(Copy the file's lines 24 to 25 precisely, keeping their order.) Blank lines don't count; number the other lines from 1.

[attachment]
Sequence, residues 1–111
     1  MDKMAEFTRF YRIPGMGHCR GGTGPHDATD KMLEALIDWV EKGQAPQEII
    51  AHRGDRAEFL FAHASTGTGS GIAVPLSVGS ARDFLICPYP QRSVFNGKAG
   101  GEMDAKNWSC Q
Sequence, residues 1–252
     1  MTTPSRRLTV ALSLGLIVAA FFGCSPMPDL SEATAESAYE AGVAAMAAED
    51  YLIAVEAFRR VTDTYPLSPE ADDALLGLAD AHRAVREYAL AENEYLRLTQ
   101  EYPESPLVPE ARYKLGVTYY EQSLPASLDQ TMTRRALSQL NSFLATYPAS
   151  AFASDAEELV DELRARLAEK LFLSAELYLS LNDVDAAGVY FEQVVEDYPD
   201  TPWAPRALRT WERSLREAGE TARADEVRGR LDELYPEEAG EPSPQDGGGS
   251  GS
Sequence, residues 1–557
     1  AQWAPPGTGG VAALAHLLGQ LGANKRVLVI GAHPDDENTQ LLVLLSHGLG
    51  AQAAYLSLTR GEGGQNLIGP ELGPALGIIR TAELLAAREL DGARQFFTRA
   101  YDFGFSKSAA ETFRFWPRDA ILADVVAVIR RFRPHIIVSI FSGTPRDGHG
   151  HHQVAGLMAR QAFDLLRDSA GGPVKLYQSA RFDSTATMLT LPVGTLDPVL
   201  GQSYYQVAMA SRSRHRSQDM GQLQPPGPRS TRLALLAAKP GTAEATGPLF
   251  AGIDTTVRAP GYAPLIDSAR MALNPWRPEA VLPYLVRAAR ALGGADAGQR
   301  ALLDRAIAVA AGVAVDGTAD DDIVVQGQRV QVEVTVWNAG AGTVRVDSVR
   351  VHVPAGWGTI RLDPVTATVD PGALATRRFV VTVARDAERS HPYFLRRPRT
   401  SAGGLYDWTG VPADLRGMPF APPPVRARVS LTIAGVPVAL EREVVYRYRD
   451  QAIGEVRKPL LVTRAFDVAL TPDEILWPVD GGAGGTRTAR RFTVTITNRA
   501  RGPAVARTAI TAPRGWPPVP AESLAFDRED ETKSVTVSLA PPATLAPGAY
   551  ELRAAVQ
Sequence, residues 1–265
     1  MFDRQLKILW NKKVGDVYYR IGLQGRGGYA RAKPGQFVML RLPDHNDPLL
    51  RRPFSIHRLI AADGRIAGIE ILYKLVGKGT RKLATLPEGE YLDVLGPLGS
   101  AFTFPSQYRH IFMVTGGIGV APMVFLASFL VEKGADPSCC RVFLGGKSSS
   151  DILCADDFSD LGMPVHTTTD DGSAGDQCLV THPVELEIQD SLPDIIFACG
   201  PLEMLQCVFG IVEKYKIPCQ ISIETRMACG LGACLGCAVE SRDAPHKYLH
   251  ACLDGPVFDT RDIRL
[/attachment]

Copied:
   551  ELRAAVQ
Sequence, residues 1–265